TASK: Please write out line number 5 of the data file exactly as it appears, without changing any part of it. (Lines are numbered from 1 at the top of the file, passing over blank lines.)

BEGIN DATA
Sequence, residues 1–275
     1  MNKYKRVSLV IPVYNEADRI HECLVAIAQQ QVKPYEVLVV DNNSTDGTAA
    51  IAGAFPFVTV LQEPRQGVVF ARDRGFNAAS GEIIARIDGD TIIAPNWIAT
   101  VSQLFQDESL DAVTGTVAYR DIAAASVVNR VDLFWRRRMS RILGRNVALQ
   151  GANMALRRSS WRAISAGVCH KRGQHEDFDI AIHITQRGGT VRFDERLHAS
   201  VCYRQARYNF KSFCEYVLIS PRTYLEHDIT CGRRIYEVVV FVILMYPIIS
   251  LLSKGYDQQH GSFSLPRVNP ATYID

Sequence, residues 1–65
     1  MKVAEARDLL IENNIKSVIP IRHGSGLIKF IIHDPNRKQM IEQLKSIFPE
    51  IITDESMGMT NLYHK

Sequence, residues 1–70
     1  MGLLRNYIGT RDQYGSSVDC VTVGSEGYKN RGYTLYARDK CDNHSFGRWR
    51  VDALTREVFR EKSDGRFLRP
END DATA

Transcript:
   151  GANMALRRSS WRAISAGVCH KRGQHEDFDI AIHITQRGGT VRFDERLHAS